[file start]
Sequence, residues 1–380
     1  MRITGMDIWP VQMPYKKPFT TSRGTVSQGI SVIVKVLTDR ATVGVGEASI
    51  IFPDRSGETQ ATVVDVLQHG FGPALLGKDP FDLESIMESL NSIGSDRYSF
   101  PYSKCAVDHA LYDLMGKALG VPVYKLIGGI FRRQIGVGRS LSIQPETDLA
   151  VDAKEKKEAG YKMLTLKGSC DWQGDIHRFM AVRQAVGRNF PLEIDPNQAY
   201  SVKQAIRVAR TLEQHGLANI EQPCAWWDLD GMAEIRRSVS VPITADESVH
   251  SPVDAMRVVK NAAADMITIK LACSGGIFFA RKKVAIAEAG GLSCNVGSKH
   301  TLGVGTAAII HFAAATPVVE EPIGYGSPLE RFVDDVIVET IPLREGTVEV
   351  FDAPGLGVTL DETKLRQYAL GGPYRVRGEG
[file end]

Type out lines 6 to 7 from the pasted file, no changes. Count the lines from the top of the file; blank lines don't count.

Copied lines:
   201  SVKQAIRVAR TLEQHGLANI EQPCAWWDLD GMAEIRRSVS VPITADESVH
   251  SPVDAMRVVK NAAADMITIK LACSGGIFFA RKKVAIAEAG GLSCNVGSKH